Yup. Categories for protocols. You heard that right. It started with me asking about it on twitter:
This question caused much confusion. "How is that even possible?" "Categories are used to extend existing classes, surely how can you extend a protocol?"
And a follow-up post for this one. Already!
I forgot about it, but @pjaspers reminded me that we actually did something similar to this using "regular" language constructs.
What you could do:
#include "Protocol+Implementation.m"in the class' implementation file. You read that right: thats an include and not an import.
I was listening to the most recent Debug episode, the one featuring the ever apologetic @caseyliss talking about C#. It's another great episode (but most of the Debug episodes are great - I love the interaction of @gte with his guests). I was particularly interested in this one since I have a similar background: I spent most of my working days on a Microsoft platform and produced a bucketload of C# code (ever since it came out early 2000). Since late 2010 I've been mostly dabbling in Objective-C on the iOS platform. So I was quite curious on what Casey had to say.
While I'm not going to rehash everything here (go listen to the podcast), I agreed with most of it. I do think he forgot an important feature of generics and c# in general: "compile time breakage".
Xcode 5.0 introduced an interesting new feature: Quick Look for variables. Basically, it lets you inspect variables and their contents in a graphical way. This allows for interesting ways of viewing the state of your app.
I've been using the feature quite a bit: it's a great way to inspect images or colors you're using in your app, for example. Works great on attributed strings, too.
Xcode 5.1 improves the feature even further with the addition of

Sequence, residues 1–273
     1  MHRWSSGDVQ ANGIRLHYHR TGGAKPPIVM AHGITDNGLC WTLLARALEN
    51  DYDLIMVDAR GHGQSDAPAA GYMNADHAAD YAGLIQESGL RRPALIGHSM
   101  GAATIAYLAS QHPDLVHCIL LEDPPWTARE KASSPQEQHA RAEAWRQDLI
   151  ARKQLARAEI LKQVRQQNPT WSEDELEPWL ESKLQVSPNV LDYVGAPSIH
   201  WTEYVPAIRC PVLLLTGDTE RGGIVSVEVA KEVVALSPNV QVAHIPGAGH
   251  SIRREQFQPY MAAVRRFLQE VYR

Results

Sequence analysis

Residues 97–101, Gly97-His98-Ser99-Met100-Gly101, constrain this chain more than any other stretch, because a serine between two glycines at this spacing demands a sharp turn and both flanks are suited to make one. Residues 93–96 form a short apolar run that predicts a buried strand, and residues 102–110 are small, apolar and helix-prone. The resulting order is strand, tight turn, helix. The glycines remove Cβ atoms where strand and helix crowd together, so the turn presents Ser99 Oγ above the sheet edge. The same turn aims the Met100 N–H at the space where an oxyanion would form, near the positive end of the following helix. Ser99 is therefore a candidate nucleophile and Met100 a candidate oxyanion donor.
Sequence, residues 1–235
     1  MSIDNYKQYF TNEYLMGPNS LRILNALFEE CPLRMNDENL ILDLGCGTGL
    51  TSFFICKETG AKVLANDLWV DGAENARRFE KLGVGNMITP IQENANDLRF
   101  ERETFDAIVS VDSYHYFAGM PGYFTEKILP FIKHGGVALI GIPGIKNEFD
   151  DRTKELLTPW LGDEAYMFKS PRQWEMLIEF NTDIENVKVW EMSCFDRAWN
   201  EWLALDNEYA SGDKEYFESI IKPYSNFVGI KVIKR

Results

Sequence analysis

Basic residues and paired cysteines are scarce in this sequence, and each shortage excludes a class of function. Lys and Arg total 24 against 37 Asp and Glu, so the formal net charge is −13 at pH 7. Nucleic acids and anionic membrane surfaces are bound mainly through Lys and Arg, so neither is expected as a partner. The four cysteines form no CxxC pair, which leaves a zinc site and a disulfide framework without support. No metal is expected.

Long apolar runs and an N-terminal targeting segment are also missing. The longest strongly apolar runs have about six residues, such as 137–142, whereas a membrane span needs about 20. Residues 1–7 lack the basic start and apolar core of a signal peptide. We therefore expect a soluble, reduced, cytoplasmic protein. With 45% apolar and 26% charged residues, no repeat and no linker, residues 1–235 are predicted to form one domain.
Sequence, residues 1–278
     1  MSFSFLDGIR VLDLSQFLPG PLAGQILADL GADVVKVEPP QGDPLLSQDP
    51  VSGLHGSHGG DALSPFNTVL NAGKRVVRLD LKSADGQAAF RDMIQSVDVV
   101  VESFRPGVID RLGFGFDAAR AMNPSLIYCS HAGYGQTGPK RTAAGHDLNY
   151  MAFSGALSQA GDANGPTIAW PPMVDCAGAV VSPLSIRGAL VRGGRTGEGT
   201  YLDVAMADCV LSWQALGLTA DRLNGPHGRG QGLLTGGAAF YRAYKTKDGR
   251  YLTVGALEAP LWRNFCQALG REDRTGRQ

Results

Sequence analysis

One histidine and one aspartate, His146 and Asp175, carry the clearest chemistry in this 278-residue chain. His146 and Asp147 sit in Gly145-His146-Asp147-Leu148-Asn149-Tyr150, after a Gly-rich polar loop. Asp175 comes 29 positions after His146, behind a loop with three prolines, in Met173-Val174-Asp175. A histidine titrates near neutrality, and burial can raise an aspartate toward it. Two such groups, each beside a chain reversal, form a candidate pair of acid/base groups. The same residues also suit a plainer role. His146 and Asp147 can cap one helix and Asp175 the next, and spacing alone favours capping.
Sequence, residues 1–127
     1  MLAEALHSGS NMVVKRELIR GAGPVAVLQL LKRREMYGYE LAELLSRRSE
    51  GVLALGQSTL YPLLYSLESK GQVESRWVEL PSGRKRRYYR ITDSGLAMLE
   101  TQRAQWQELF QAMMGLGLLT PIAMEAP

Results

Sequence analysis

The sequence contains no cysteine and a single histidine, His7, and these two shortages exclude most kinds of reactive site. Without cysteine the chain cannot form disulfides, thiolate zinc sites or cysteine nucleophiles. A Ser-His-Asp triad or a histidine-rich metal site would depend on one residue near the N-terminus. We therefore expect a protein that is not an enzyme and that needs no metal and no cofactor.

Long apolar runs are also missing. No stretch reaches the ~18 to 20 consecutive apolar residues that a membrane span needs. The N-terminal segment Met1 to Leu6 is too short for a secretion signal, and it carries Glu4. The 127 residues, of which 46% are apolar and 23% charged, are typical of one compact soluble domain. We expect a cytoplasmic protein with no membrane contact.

debugQuickLookObject. This method allows you to provide quick look content for any of your own classes. A bit like
debugDescription but more advanced. I haven't had the time to look further into it.
I am currently at NSConference 6. For those who haven't heard of NSConference, it's a "community conference for OSX and iOS developers". It's a 3-day conference about developing for OSX/iOS by and for developers. If you're an iOS or Mac developer based in Europe, it's a great way to meet the community and learn new stuff.
The problem with these conferences is inspiration. The talks are usually pretty good, and get you fired up to start doing something. Not necessarily with the knowlegde you learn at the conference, but even with what you've been working on at home (or work). The great thing about NSConference (and in general about the smaller conferences) is that they're mixed technical and non-technical. Not everything is about "how to code this-and-that", but it's also how what other people have learned, passing on their experience onto the attendees. Sometimes the talks are mainly about your own "wetware" (thanks @bmf!), how you deal with building apps and interaction with your customers, clients or colleagues.